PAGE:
598 F.2d 1079 (1979)
Plaintiff restaurateur entered into a franchise agreement with defendant fast food franchise. The contract provided that neither plaintiff nor a member of his immediate family would acquire a financial interest in a competing self-service food business without the written consent of defendant. However, plaintiff's son purchased an interest in a competing fast food franchise without defendant's consent and plaintiff financed the transaction. Defendant brought a breach of contract action against plaintiff. The lawsuit ended in a consent judgement. Several years later, plaintiff filed an antitrust action against defendant pursuant to § 1 of the Sherman Act, 15 U.S.C.S. § 1. Defendant filed a motion for summary judgment contending that plaintiff's suit was barred by Fed. R. Civ. P. 13(a), (compulsory counterclaims) and by res judicata. The district court granted defendant's motion.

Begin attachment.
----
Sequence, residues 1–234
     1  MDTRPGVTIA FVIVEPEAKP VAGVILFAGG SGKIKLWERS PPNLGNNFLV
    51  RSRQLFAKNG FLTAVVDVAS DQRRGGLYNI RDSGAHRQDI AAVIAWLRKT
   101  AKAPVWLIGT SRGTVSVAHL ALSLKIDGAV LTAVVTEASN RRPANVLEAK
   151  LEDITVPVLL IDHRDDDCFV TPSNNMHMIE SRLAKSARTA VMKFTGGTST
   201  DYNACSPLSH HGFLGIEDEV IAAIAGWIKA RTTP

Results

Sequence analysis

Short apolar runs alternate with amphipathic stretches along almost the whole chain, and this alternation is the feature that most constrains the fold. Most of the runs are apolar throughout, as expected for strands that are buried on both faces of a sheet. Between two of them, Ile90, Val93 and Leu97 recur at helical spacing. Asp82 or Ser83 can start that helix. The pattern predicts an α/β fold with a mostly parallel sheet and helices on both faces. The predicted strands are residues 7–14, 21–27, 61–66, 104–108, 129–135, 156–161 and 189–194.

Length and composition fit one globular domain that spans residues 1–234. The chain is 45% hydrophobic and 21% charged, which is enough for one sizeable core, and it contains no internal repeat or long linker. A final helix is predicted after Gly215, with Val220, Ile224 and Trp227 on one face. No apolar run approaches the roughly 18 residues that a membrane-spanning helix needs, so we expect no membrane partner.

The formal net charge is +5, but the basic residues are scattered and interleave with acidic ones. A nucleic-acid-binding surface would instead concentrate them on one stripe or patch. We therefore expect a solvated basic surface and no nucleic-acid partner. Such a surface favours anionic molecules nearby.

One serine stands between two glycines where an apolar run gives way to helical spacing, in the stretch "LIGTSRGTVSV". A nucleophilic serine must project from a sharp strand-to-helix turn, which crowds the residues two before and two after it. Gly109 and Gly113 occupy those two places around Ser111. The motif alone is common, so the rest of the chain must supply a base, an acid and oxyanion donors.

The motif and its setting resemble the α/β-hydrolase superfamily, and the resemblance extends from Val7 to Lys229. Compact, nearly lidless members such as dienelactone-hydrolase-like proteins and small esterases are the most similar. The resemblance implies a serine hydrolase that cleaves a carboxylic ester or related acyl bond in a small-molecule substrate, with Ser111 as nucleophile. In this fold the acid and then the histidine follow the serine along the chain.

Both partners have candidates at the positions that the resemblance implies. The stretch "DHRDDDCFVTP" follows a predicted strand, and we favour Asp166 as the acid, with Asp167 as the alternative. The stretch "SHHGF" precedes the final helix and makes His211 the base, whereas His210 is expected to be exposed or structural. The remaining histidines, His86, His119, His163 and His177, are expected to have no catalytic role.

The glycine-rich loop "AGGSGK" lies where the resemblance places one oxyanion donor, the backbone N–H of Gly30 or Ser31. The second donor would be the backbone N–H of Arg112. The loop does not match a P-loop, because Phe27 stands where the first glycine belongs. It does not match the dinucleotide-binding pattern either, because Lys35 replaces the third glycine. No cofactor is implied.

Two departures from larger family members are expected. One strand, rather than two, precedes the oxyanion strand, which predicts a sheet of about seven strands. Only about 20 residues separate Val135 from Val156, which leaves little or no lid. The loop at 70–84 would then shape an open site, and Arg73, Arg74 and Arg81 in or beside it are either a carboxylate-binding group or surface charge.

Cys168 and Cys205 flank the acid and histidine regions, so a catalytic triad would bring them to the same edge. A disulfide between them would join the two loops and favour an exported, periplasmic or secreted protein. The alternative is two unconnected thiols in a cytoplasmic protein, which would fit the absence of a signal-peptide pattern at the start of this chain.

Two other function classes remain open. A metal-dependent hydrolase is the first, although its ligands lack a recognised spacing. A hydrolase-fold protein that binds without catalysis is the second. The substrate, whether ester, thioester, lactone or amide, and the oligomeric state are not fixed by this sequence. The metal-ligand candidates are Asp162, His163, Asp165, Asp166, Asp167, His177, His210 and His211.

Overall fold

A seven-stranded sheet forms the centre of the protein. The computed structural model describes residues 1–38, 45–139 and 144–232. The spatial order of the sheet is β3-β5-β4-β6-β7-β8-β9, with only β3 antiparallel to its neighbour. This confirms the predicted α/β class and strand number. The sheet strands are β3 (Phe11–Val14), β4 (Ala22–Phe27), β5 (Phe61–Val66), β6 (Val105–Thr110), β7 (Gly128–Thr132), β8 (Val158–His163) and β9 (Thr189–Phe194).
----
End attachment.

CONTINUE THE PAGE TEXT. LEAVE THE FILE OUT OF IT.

- On appeal, the court affirmed the district court's decision.
- It held plaintiff's claim fell within the narrow class of common law compulsory counterclaims.
- Additionally, it held that plaintiff was barred from raising his antitrust claim because of the doctrine of res judicata.
The court affirmed the district court's decision granting summary judgment in favor of defendant fast food franchise, holding that plaintiff' restaurateur's claim fell within the class of common law compulsory counterclaims. Additionally, the court held that the doctrine of res judicata barred plaintiff's antitrust claim.
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